Here’s How They’re Failing
The relationship between compliance officers and the company’s top leadership is a hot one these days, and there are specific ways CEOs can be more effectively supporting compliance practitioners. It’s a complex relationship, but one bears improving in many cases. Avani Desai offers insights into just what executives can do better.
When speaking with CEOs and boards of directors, most of the time they say their relationship is with the CEO, COO and CFO and that they have no relationship with the CISO, CCO and CPO. Ten years ago, this would have been fine, as stock prices, bonuses and shareholder performance measures were all based on the financials. However, the environment has changed, and there are so many additional factors to a company’s performance. Take a look at a retail store like Target, which saw a significant decrease in stock price, profits and reputation due to a data breach.
When we saw Sarbanes-Oxley come into effect, they said it was mandatory to have a financial expert on the board, which made sense in that day (and still does), but now I think it is mandatory to have a compliance person on the board, too – someone who understands governance, risk and compliance.
I think CEOs and the board see compliance as something you “do” or a box you check, and that isn’t the case – maybe it was in the area of bank regulations, where you need to check the box, pay the fee and move on. But we’re in a new era now, in which compliance is integral in all we do. You can’t just “do” compliance like a task or activity, and that mindset needs to be changed by the CEO and board; you have to make it part of your culture to begin being compliant.
This is a dynamic and ongoing process, and it can’t be done once. I think that is where the disconnect is. Compliance teams need the resources, money and buy-in from CEO and the board, but the CEO and board think of this as a cost center – until there is a breach and they realize they needed an incident response and disaster recovery plan. They may have had to check the box, but it was never tested or wasn’t open to all the teams, so gaps remained.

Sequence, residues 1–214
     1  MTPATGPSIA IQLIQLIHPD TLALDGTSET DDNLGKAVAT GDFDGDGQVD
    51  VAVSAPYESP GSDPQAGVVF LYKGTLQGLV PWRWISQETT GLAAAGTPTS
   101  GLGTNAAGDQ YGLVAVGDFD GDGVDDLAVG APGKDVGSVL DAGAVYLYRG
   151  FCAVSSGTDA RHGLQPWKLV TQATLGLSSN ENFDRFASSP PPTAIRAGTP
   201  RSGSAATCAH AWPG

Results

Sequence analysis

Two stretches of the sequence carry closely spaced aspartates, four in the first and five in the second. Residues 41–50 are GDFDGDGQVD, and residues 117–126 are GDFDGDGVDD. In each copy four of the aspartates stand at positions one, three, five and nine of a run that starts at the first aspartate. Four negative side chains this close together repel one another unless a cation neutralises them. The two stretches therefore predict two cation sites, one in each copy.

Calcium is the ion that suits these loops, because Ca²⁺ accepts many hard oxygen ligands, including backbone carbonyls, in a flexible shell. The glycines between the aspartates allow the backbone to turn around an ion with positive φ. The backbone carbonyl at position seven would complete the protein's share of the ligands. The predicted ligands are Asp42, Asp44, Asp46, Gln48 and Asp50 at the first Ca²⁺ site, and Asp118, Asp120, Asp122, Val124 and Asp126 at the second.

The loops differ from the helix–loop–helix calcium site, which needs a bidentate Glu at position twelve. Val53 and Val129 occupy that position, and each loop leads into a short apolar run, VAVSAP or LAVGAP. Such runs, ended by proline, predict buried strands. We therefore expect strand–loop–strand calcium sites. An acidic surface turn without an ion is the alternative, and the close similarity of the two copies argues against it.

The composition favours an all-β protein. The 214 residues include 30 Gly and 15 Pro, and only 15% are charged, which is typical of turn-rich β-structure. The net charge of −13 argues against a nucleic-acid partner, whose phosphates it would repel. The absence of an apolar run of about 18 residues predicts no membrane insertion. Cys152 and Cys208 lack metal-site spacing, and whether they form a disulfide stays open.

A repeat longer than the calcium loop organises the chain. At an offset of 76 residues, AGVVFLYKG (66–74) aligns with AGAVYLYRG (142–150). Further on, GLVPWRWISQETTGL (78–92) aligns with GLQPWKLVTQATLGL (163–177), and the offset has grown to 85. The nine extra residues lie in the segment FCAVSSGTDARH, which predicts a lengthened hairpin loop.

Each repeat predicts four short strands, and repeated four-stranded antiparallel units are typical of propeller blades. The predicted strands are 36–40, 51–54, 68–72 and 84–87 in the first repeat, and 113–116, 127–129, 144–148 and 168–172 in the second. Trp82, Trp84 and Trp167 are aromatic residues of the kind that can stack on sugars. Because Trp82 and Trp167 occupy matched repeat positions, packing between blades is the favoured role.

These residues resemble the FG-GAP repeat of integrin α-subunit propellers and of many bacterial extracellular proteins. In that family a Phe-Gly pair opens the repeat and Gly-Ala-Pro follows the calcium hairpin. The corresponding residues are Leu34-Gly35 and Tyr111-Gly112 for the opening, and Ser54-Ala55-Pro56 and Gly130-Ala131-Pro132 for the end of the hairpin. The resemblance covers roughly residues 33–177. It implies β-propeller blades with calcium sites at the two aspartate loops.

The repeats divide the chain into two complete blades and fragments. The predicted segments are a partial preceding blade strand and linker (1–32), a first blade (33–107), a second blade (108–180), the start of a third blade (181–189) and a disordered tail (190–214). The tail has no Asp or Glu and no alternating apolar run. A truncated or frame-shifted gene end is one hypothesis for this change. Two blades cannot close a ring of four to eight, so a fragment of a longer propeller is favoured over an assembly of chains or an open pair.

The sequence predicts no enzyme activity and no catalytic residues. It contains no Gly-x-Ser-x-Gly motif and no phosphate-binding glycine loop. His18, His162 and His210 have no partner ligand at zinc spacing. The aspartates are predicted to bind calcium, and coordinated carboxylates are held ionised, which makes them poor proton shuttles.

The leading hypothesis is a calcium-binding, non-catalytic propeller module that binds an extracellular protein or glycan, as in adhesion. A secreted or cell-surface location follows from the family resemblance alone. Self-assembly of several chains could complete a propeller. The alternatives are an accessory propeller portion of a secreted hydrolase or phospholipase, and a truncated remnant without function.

CEOs and the board need to change the compliance culture to be a partnership, not a cost center or a check-the-box activity. They must weave compliance into all aspects of the business and to make sure that when systems are built, the developers and product managers rely on “compliance by design” rather than treating compliance as an afterthought and trying to retrofit compliance into the system. When hiring leadership, see what experience they have with compliance, how they see it as a positive point in an organization and why they embrace it, rather than setting it on the back burner.
Also, CEOs and the board need to make sure that the compliance officer has a straight line to them, not to the CIO (they have different initiatives and goals, which can be contradictory). Compliance officers need to have a seat at the table during strategic sessions, large process changes and technology decisions.